Loneliness is one of the side effects of divorce, and it can be devastating. You might be the one that feels loneliest in your empty bed at night or the one that feels most alone when you are in a crowd of people—it doesn’t matter. Loneliness can be debilitating, and it can be the thing that hangs with you the longest after your divorce. It doesn’t matter who you are, how you process things, or how many friends you have, if you’ve been divorced you’ve experienced loneliness.
It may be tempting to get sucked into that vortex of eternal darkness, where you keep telling yourself you’ll always be lonely and you’ll never feel part of anything again. But don’t let yourself go there. Loneliness is a natural response to what you are going through, and you will get through it.
It just takes time. In the meantime, here are some coping strategies.
Wait It Out
It may take a couple of years, or it may take several, but eventually that post-divorce loneliness is going to be gone. It will diminish over time.
There’s no set time, however. Just because it took your cousins ten years, doesn’t mean it will take that long for you. Just because your neighbor was back to normal in four years, doesn’t mean that you will be. Everyone is different; everyone has a unique experience.
When you are feeling lonely, remind yourself that it’s normal, and it will pass. Concentrate on the good things.
Stop Worrying about the Future
Do you worry that you will always be alone? Or that you’ll be doing the same things, feeling the same way, and dealing with the same loneliness when you’re 80?
Think back to when you were 17, and try to remember the things you were worried about as you contemplated the future. More than likely, those things never happened. Or if they did, they didn’t happen the way you thought they would. In the same way, your future is a mystery. It holds many things, both good and challenging. It’s unlikely that nothing will change.
Rather than worrying, why not make a bucket list? Write down ten things you’d like to do and then work toward accomplishing them.
Learn to Enjoy Being Alone
This is easier for some people than others. Introverts generally have an easier time because they need alone time anyway.
There are benefits to being alone, and you can learn to look at it as a positive thing rather than a negative one. Being alone allows you to get to know yourself. When we’re around others, we tend to become at least a little different. When we’re alone, there are no filters. Use your alone time to figure out what you really like, what you really want to watch on TV, what you really want to wear.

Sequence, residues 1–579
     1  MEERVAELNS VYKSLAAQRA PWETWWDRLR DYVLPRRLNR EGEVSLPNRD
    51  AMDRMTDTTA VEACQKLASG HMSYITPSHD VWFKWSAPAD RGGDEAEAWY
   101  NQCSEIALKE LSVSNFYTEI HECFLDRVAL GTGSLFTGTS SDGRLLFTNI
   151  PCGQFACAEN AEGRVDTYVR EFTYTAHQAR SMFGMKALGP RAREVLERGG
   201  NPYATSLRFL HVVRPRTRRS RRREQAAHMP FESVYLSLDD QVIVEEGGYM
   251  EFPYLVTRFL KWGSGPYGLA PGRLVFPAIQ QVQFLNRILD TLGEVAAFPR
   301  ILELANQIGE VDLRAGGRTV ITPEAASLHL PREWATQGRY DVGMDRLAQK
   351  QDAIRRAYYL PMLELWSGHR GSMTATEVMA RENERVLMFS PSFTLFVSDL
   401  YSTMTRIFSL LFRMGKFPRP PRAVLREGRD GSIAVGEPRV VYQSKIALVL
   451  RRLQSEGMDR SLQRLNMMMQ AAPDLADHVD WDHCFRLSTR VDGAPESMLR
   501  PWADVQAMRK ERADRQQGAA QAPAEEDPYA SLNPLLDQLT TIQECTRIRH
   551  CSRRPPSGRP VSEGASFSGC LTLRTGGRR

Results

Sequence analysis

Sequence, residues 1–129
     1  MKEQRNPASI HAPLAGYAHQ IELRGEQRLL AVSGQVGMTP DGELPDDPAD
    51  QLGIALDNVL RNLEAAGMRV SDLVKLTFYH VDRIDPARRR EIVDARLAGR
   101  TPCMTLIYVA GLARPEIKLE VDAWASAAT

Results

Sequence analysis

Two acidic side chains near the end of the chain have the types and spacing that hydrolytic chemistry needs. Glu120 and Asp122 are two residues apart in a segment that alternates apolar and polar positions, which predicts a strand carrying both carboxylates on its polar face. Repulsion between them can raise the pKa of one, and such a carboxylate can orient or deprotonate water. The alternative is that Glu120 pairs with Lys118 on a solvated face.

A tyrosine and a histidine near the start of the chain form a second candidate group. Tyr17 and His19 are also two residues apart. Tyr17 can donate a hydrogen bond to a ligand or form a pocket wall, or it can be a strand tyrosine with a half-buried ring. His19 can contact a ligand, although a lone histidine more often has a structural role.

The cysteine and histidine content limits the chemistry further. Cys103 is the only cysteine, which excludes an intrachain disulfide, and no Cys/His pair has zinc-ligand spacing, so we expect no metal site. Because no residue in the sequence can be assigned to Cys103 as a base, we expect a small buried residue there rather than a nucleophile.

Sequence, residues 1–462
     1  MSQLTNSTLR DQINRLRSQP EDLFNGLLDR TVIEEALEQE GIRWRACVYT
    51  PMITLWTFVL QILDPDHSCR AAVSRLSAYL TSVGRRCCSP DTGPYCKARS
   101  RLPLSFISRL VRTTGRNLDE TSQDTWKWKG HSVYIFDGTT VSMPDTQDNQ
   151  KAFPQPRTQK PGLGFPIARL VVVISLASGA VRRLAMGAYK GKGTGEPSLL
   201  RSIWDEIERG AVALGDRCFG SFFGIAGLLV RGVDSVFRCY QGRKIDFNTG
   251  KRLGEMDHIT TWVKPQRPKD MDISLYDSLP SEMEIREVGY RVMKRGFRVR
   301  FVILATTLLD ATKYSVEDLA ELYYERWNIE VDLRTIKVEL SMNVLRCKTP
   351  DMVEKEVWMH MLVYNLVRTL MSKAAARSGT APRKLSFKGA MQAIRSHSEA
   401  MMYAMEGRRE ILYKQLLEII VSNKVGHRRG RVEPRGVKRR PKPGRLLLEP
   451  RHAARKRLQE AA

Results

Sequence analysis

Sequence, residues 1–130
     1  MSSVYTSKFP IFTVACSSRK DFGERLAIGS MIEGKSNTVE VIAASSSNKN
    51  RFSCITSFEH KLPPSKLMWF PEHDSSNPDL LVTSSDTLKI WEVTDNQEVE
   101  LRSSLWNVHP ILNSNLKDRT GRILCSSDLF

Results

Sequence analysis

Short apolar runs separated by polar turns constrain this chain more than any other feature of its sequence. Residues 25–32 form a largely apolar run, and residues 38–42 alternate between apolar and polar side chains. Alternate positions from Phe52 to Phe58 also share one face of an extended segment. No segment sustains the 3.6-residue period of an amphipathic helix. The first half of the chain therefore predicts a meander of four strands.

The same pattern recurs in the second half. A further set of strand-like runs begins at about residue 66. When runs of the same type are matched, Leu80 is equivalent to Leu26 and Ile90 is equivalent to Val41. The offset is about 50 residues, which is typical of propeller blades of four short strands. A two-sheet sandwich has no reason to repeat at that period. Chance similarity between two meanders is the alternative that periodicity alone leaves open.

Take yourself to dinner, or a movie, or the library. Learn to revel in your freedom, to hear your inner voice in the silence, and to enjoy your own company.
You know, you can go out to dinner with someone without it being a potential relationship. Remember the days when you dated just because it was fun? The next time someone (who isn't a potential ax murderer) asks you out, why not go?
It doesn’t have to be something serious; it doesn’t have to turn into something serious later on—you can do it just for fun. If he pressures you for sex and you aren’t agreeable to it, then cross him off the list and move on. That’s what dating is about—having a good time, getting to know people, and enjoying your life.
Deal with What Makes You Afraid
Sometimes we are not as lonely as we think. Sometimes we are afraid. What if the toilet clogs up, what if the electrical system catches fire, or what if someone tries to break in?
The best way to deal with those things is to, first, figure out what you are most afraid of. Then make a list of these fears, and any potential solutions or comforts you can use to combat them. Then do what you need to do to overcome your fears.
- Take a self-defense class
- Get AAA membership, so you can easily get help if something happens while you are on the road
- Many home improvement centers offer simple repair classes on weekends. Check with yours and learn how to do basic home repairs.
- Take a class in personal finance if you need to learn how to handle money better
Whatever you need to do to conquer your fears and insecurities, it can be done. There are all kinds of ways.
Take Control of Your Life
This is your life. You’re moving on. The only person that can hold you back from the things you want is yourself.
That feeling of loneliness is temporary. Learn to fight it. Call a friend to talk or hit a last-minute movie. Get out of the house or invite someone over. Remind yourself that it’s normal, and it’s temporary.
If you need to talk about it, there are others who have dealt with the same thing. Join First Wives World and you’ll always have somewhere to turn when you need someone to talk to.
Image Courtesy of Flickr Creative Commons, User : Gisela Giardino